• 20. ICU Delirium Screening Checklist 8 items based on DSM criteria 8 items based on DSM criteria Normal = 0,  1‐3 = subsyndromal delirium, ≥ 4 = delirium 1. Altered level of consciousness 1 2. Inattention 1 3. Disorientation 1 4. Hallucinations 4 Hallucinations 0 5. Psychomotor agitation or retardation 1 6. Inappropriate speech 0 p/ y 7. Sleep/wake cycle disturbances 1 8. Symptom fluctuation 1 Total score (0‐8) Total score (0 8) 6/8 Bergeron, et al. ICM. 2001; 27:859
  • 21. What should we do to prevent  What should we do to prevent delirium in ICU patients? p 1. Monitoring  2. Non pharmacolgical interventions 2. Non pharmacolgical interventions 3. Reduction in deliriogenic medications 4. Pharmacological interventions Dexmedetomidine Antipsychotics
  • 22. Daily Wake‐Up + Early Mobility Outcome Intervention Control P (n=49) (n=50) Funcionally independent  at  discharge (nnt=4) 29 (59%) 19 (35%) .02 ICU delirium (days) 2 (0‐6) 4 (2‐7) .03 Time in ICU with delirium (%) 33% (0‐58) 57% (33‐69) .02 Hospital delirium (days) 2 (0‐6) 4 (2‐8) .02 Hospital days with delirium (%) 28% (26) 41% (27) .01 Barthel Index score at discharge 75 (7.5‐95) 55 (0‐85) .05 ICU‐acquired paresis at discharge 15 (31%) 27 (49%) .09 Ventilator‐free days 23.5 (7.4‐25.6) 21.1 (0 – 23.8) .05 Lenght of stay in ICU (days) 5.9 (4.5‐13.2) 7.9 (6.1‐12.9) .08 LOS hospital (days) 13.5 (8‐23.1) 12.9 (8.9‐19.8) .93 Hospital Mortality 9 (18%) 14 (25%) .53 Schweickert WD – Early physical and occupational therapy in MV, critically ill patients, a RCT, Lancet 2009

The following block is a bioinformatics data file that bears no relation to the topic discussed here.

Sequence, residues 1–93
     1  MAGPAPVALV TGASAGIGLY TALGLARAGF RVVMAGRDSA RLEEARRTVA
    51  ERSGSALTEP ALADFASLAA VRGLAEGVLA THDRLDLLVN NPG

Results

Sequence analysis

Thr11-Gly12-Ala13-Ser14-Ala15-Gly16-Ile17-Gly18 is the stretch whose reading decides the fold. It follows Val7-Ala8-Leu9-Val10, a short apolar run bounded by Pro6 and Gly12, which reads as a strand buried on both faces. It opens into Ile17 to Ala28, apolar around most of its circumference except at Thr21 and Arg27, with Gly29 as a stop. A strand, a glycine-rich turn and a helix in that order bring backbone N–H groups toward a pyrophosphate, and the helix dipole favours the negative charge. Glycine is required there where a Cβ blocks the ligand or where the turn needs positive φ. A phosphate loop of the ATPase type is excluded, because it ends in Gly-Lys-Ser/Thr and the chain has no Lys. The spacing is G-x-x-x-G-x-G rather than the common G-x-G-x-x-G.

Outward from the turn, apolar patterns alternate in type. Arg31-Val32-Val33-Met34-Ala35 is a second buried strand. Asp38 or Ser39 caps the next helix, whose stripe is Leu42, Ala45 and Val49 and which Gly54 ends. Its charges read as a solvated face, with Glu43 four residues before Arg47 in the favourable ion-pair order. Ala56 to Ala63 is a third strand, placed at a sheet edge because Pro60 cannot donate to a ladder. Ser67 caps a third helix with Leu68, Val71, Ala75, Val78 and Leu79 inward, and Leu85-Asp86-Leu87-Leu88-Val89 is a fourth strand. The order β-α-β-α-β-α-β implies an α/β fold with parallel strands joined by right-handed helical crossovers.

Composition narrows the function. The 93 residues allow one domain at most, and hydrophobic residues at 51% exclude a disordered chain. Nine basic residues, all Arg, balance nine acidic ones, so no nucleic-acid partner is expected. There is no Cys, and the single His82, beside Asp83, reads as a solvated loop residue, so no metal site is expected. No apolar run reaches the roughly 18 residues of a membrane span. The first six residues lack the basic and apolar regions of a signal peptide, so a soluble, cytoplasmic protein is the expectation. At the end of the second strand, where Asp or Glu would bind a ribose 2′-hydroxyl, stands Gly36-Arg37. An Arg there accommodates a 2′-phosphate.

• 23. Environmental factor  E i t lf t • Extremes in sensory experience (eg. Hypothermia) • Deficits in vision or hearing f h • Immobility or decreased activity y y • Social isolation • Novel environment • Stress
  • 24. A “bundle” for delirium prevention? bu d e o de u p e e t o • Family support (all levels, kids, childrens) y pp • Allow family at bedside, 24 h/day •Oi Orientation improvements i i – Daylights – Wall clocks • Hearing aid Hearing aid • Glasses • Sleep...
  • 25. Sleep deprivation and delirium l d dd l Sleep Deprivation Delirium D li i • Daytime sleepiness D ti l i • Lethargy h • Lethargy • Agitation • Irritability • Confusion • Confusion • Inattention • Poor short term memory Poor short‐term memory • Sympathetic stimulation • Sympathetic stimulation • Anger and Frustration g • Emotional liability • Restlessness • Restlessness • Anxiety • Hallucinations